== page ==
EXCLUSIVE: Bob Arum details how Covid-19 ravaged Tyson Fury camp
Heavyweight champion Tyson Fury received one vaccination shot against Covid-19 but decided not to get the second dose needed to complete the course because he was worried about having a reaction that would force him to miss training camp time in preparation for his third fight with former titleholder Deontay Wilder, Top Rank chairman Bob Arum exclusively told World Boxing News.
Then Fury wound up contracting Covid-19, which forced him to postpone the joint ESPN and Fox Sports pay-per-view fight with Wilder from July 24 until Oct. 9 at T-Mobile Arena.
“He said that he got the first shot when he was in Miami and then he had to wait the two weeks, and he didn’t want to get the second shot because he heard that people had a reaction from a second shot and he didn’t want to lose any training time. Hey, I’m not Dr. (Anthony) Fauci. That’s what he said,” Arum said.
Fury ultimately tested positive for Covid-19 on July 5 and became symptomatic before the fight was postponed on July 8. On July 13, Fury tested negative.
A month earlier, on June 15, at the kickoff news conference in Los Angeles to formally announced Fury-Wilder III for July 24, Arum told media members that Fury was “totally vaccinated.”
When asked about that statement by World Boxing News, Arum said, “They told me he was vaccinated. I assumed it was two shots. Who gets vaccinated and doesn’t (get he second shot)? He only had one shot.
“I never knew that he hadn’t (gotten the second one) until he got sick. I really screamed at all of them. It was a complete f— up. The people in the gym, I mean, we had no controls. It was like every sparring partner brought his friend, other corner people. (Trainer) SugarHill (Steward) had these Russians (he trains) running around. There was absolutely no precaution taken, which a lot of it was our fault. We should have been the adult in the room.”
Arum said Fury returned to England last Friday to be with his pregnant wife, who is soon due to give birth and to take a break before he will resume training for the reschedule date.
Arum insisted that when Fury does return to Las Vegas, things will be much different when it comes to access to the Top Rank Gym, where Fury is holding his training camp.
“What we’re going to do now is nobody is allowed in the gym unless it’s imperative that they’re there,” Arum said. “We’re not going to allow press in the gym, and nobody is coming into the gym without getting a fast (Covid-19) test. Nobody.”
Arum recalled his meeting with Fury after learning of his Covid-19 diagnosis. He said Fury was “very disappointed” he had gotten ill and that the fight had to be postponed.
“He has a beautiful home that he bought in (Las) Vegas, and I went over to the home the next day (after the diagnosis),” Arum said. “At that particular point, he was having trouble — not (trouble) breathing — but his lungs were filled up with mucus or whatever. His cook came down with it, a couple of the sparring partners. (Heavyweight) Efe (Ajagba) came down with it. So if it had occurred two weeks earlier, he would have gone through with the fight, but he wasn’t going to be able for at least a week to do anything, and that would have given him just a couple of weeks (more of training), including the fight week, and that wouldn’t have been enough.
“We talked from across the room. I had a mask on, and he had a mask on. He was lethargic. When I talked to him, he wasn’t like a guy who was really sick, ready for an ICU. He was a guy who had all that congestion in his chest.”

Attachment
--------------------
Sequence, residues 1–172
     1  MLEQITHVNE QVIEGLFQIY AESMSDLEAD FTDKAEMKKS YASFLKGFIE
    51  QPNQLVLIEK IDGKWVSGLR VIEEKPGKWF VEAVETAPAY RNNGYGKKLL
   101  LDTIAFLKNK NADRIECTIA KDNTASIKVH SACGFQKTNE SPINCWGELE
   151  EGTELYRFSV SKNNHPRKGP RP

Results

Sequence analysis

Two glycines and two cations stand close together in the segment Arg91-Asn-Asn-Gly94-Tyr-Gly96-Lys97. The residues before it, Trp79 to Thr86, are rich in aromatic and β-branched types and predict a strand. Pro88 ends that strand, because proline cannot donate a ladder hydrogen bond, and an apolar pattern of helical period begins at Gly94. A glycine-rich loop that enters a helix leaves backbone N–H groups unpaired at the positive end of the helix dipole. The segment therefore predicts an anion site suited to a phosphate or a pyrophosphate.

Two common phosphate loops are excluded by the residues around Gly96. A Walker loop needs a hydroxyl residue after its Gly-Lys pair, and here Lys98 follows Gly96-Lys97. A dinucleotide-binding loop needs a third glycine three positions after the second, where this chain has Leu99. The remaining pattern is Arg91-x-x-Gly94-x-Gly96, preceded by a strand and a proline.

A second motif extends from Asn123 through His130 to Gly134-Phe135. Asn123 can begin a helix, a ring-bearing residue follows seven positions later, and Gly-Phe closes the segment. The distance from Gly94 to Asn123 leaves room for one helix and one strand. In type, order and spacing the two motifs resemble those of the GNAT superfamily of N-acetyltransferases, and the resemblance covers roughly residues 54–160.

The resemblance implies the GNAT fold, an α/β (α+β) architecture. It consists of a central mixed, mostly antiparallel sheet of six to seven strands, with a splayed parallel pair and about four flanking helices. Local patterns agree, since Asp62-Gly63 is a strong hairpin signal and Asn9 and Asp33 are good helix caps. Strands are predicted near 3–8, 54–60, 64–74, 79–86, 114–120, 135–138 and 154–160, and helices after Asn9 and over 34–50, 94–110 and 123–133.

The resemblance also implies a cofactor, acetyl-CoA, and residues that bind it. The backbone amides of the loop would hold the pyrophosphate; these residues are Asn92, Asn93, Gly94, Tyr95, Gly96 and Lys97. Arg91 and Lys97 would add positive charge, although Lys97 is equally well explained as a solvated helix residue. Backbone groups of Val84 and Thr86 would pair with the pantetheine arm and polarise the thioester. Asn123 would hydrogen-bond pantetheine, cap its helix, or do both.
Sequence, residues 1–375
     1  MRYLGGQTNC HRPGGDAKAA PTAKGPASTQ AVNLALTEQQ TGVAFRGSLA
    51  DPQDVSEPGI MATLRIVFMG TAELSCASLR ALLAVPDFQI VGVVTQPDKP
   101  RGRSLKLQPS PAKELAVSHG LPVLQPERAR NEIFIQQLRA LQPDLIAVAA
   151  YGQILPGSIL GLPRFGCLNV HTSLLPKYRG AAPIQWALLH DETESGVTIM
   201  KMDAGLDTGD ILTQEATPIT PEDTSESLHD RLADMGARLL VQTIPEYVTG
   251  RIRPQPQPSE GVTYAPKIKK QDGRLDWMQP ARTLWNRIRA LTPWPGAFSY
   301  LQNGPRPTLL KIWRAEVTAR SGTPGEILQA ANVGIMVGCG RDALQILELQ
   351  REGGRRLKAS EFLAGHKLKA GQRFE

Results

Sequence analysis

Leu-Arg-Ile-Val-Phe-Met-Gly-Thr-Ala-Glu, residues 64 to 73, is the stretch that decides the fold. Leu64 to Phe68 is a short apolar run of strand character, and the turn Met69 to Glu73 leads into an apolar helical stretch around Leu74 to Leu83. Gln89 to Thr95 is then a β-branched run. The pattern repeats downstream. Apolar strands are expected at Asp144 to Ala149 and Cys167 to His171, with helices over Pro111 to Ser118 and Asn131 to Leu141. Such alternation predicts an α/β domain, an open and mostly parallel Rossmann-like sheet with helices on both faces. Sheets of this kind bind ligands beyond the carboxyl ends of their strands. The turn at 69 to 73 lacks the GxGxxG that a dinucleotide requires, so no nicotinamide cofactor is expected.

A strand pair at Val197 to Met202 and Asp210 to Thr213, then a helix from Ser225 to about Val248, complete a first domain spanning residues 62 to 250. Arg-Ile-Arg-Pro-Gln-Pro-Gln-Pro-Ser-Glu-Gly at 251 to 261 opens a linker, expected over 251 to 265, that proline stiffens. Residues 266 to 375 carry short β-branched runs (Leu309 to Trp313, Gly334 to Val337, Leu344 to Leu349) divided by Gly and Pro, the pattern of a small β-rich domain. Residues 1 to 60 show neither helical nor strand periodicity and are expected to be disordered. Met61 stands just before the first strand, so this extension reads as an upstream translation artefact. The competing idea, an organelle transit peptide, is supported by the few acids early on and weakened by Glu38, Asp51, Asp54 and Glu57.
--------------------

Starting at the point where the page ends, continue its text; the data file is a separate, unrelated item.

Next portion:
TYSON FURY SECOND SHOT
When asked if Fury had received a second shot, Arum was blunt.
“I have no idea,” he said.
When asked why Fury was seen in photos posted to social media of him at locations around Las Vegas taking photos with fans and not wearing a mask just a few days later, Arum had no answer for Fury’s actions.
Arum said Steward and heavyweight prospect Jared Anderson, a Fury sparring partner, who was also scheduled to be on the pay-per-view on July 24, both received their two vaccine shots and did not come down with Covid-19 as it ran rampant through the Top Rank Gym. But Arum said other regulars at the gym did not get vaccinated,
He said that Ajagba, who was scheduled to fight on the July 24 undercard against fellow unbeaten rising contender Frank Sanchez, “was feeling so dizzy we took him to the hospital, and he spent a few hours in the hospital” and that he would have been off the card had it taken place as scheduled. Ajagba and Anderson will now fight on the rescheduled date.
Arum also said that former heavyweight world titlist Joseph Parker, who was training at the gym because Fury’s assistant trainer, Andy Lee, is also Parker’s head trainer, also got Covid-19.
“Parker denied it, but he had it,” Arum said.
Arum also addressed those, including rival promoter Eddie Hearn of Matchroom Boxing, who have insisted the fight was postponed because of lagging ticket sales and not because Fury came down with Covid-19.
“All those people on social media who said, ‘hey, it was because of slow ticket sales,’ — yeah, slow ticket sales. We had $15 million in the bank from ticket sales. This is not like a fighter pulls out because his shoulder hurts. Bicep hurts. There, there might be room for suspicion.”
But Arum said Fury’s diagnosis was reported to the Nevada State Athletic Commission.
“As soon as the first Covid thing broke out, we notified the commission,” Arum said. “They put in charge the doctor who was our Covid doctor during the bubble (that began last summer and ran though this past spring).”
While Fury did not complete his round of vaccinations, Wilder and his immediate team did at the insistence of his management, even though they were initially reluctant.
“They did the right thing, and they’re to be commended, and we didn’t do the right thing,” Arum said. “We were operating in the haze that the pandemic was over.”